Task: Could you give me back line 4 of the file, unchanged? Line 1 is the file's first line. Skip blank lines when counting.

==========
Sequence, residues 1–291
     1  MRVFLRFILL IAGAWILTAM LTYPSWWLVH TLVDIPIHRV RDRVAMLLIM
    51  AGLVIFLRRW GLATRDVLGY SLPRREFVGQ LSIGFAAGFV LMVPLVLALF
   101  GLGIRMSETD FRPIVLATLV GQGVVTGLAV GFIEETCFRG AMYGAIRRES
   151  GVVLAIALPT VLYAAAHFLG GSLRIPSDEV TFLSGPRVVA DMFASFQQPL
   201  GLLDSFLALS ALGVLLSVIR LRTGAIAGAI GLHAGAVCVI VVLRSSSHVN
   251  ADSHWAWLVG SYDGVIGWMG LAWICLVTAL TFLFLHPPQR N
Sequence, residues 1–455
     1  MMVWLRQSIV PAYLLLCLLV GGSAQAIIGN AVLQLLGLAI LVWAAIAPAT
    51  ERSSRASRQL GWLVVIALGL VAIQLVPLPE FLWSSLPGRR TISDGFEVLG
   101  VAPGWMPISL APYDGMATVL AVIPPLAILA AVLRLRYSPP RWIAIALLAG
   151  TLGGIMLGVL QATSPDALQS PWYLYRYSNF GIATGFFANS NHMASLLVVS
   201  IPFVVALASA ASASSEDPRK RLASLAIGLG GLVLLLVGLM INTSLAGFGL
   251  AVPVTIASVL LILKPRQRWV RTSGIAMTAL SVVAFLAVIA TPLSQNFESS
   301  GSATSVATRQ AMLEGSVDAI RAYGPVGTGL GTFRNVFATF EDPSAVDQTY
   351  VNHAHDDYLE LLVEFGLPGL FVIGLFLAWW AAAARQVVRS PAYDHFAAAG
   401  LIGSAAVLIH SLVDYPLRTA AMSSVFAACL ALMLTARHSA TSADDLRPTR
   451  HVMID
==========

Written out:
   101  GLGIRMSETD FRPIVLATLV GQGVVTGLAV GFIEETCFRG AMYGAIRRES